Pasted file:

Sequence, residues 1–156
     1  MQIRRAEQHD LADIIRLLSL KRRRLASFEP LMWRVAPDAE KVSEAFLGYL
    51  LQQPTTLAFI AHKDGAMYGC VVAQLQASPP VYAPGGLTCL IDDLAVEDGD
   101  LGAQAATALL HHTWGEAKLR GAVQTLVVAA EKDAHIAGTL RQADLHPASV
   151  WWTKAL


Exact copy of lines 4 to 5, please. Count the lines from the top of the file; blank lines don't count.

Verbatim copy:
   101  LGAQAATALL HHTWGEAKLR GAVQTLVVAA EKDAHIAGTL RQADLHPASV
   151  WWTKAL